137 Greg. Nazianzen, Orat. iii. p. 91, iv. p. 133. He praises the rioters of Cicsarea, rouruY h r£f fuymXsQwS* w Sipfit/r its ivnZum*. See Sozomen, 1. v. 4, 11. Tillemont (Mem. Eccle's. torn. vii. p. 649, 650) owns that their behaviour was not dans l'ordre commun; but he is perfectly satisfied, as the great St. Basil always celebrated the festival of these blessed martyrs.

m Julian determined a lawsuit against the new Christian city at Maiuma, the port of Gaza; and his sentence, though it might be imputed to bigotry, was never reversed by his successors. Sozomen, 1. v. c. 3. Reland, Palestin. torn. ii. p. 791.

VOL. m. N

lM Gregory (Orat. iii. p. 93, 94, 95; Orat. iv. p. 114) pretends to Bpeak from the information of Julian's confidants, whom Orosius (vii. 30) could not have seen.

140 Gregory (Orat. iii. p. 91) charges the Apostate with secret sacrifices of boys and girls; and positively affirms that the dead bodies were thrown into the Orontes. See Theodoret, 1. iii. c. 26, 27; and the equivocal candour of the AbM de la Motoric, Vie de Julien, p. 351, 352. Yet contemporary malice could not impute to Julian the troops of martyrs, more especially in the West, which Baronius so greedily swallows, and Tillemont so faintly rejects (Mem. Eccles. torn. vii. p. 1295-1315).

141 The resignation of Gregory is truly edifying (Orat. iv. p. 123, 124). Yet, when an officer of Julian attempted to seize the church of Nazianzus, he would have lost his life if he had not yielded to the zeal of the bishop and people (Orat. xix. p. 308). See the reflections of Chrysostom, as they are alleged by Tillemont (Mem. Eccles. torn. vii. p. 575).

A.D. 362. THE CAESARS OF JULIAN. 179

CHAPTER XXIV.

Residence Of Julian At Antioch. Hib Successful Expedition Against The Persians.Passage Of Thb Tigris. The Retreat And Death Of Julian. Election Of Jovian. He Saves The Roman Army By A Disgraceful Treaty.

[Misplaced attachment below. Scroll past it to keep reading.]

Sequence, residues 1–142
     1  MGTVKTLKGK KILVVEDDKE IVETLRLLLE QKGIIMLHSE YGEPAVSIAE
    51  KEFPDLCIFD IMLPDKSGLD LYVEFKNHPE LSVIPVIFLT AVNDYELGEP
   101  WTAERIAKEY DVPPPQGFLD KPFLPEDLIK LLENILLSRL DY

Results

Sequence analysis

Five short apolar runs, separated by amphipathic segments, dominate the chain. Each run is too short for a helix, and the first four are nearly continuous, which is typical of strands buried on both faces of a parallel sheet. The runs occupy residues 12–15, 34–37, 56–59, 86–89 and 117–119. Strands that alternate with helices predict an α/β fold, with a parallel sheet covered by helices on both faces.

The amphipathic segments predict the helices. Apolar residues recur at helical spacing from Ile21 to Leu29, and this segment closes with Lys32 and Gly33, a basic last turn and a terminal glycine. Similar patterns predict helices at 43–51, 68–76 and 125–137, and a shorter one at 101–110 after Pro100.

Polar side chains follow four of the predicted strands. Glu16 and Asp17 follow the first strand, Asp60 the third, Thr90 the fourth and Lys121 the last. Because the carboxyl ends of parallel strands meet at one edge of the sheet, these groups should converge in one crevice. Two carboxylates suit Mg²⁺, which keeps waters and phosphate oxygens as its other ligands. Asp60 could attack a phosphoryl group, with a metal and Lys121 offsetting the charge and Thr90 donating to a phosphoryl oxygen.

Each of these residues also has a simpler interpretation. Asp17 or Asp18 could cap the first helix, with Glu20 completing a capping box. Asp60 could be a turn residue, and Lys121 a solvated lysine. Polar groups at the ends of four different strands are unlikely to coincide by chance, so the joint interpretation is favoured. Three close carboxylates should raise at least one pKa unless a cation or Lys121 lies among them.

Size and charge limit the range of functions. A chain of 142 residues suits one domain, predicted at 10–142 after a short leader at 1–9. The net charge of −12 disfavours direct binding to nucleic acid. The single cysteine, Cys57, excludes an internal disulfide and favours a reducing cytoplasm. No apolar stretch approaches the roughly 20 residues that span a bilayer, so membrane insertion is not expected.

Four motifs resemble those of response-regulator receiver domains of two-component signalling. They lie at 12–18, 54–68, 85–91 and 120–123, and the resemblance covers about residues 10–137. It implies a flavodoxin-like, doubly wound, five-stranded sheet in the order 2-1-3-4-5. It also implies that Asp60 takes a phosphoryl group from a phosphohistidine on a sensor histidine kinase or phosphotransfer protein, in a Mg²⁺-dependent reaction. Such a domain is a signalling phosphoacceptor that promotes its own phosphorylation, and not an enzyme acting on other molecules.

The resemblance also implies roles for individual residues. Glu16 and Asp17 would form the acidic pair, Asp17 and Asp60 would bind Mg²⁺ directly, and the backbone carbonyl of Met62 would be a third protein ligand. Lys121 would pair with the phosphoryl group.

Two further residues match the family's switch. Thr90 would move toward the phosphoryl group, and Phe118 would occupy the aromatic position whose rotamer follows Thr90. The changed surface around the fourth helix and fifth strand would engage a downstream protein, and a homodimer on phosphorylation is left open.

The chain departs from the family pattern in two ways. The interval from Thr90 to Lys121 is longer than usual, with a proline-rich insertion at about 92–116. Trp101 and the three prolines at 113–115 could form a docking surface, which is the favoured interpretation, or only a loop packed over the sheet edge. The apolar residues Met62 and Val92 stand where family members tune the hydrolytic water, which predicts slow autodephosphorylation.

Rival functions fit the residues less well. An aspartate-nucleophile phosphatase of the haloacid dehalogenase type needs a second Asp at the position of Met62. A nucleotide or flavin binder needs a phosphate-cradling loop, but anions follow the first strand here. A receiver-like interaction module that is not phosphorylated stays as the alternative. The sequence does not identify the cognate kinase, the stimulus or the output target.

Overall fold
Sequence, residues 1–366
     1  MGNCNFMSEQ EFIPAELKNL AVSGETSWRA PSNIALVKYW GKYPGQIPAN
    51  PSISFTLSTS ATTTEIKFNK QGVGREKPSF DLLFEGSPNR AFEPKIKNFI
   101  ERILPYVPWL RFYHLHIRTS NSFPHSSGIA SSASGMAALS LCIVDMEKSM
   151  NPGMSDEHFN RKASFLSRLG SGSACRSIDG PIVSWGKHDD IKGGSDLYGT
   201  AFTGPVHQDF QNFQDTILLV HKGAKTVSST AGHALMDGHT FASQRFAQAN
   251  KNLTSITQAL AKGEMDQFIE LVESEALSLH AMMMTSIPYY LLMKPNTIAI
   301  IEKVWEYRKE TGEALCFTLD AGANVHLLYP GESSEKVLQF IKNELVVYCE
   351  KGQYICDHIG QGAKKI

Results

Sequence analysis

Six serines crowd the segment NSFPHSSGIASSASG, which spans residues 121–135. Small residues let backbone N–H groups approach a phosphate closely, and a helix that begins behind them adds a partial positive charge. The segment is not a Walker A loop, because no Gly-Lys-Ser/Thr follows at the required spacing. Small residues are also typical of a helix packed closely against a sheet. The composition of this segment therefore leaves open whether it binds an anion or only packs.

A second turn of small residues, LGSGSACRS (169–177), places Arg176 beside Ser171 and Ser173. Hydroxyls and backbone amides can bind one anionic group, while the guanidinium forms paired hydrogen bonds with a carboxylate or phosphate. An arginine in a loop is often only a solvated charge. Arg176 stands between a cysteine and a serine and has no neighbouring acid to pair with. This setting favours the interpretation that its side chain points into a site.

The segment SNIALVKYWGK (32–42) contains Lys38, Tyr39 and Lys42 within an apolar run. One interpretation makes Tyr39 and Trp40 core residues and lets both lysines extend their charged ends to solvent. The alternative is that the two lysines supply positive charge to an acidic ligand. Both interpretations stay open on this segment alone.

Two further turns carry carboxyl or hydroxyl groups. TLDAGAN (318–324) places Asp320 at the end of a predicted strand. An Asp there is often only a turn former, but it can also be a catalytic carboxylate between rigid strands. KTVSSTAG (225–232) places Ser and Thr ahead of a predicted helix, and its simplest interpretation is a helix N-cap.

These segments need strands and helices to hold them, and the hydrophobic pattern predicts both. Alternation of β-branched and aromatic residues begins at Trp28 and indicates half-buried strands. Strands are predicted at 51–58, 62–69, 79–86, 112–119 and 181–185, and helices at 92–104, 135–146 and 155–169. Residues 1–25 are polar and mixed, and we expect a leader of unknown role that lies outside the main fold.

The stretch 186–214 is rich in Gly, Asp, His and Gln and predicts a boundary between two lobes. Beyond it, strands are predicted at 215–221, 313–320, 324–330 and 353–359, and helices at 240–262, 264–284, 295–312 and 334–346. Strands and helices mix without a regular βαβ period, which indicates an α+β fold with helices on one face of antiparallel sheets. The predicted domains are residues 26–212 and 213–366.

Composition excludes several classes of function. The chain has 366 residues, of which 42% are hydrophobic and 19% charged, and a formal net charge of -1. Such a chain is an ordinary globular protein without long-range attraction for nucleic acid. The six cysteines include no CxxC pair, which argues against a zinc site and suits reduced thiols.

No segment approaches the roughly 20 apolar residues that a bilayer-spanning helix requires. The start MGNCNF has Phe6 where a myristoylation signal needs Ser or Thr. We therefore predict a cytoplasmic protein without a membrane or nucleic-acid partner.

The philosophical fable which Julian composed under the name of the Gssars1 is one of the most agreeable and instructive n,. CllM„ productions of ancient wit.2 During the freedom and °fJulianequality of the days of the Saturnalia, Romulus prepared a feast for the deities of Olympus, who had adopted him as a worthy associate, and for the Roman princes, who had reigned over his martial people and the vanquished nations of the earth. The immortals were placed iu just order on their thrones of state, and the table of the Caesars was spread below the moon, in the upper region of the air. The tyrants, who would have disgraced the society of gods and men, were thrown headlong, by the inexorable Nemesis, into the Tartarean abyss. The rest of the Caesars successively advanced to their seats; and as they passed, the vices, the defects, the blemishes of their respective characters, were maliciously noticed by old Silenus, a laughing moralist, who disguised the wisdom of a philosopher under the mask of a Bacchanal.3 As soon as the feast was ended, the voice of Mercury proclaimed the will of Jupiter, that a celestial crown should be the reward of superior merit. Julius Caesar, Augustus, Trajan, and Marcus Antoninus, were selected as the most illustrious candidates; the effeminate Constantine4 was not excluded from this honourable competition; and the great Alexander was invited to dispute the prize of glory with the Roman heroes. Each of the candidates was allowed to display the merit of his own exploits; but, in the judgment of the gods, the modest silence of Marcus pleaded more powerfully than the elaborate orations of his haughty rivals. When the judges of this awful contest proceeded to examine the heart and to scrutinize the springs of action, the superiority of the Imperial Stoic appeared still more decisive and conspicuous.5 Alexander and Caesar, Augustus, Trajan, and Constantine, acknowledged, with a blush, that fame, or power, or pleasure, had been the important object of their labours; but the gods themselves beheld with reverence and love a virtuous mortal, who had practised on the throne the lessons of philosophy, and who, in a state of human imperfection, had aspired to imitate the moral attributes of the Deity. The value of this agreeable composition (the Caesars of Julian) is enhanced by the rank of the author. A prince, who delineates with freedom the vices and virtues of his predecessors, subscribes, in every line, the censure or approbation of his own conduct.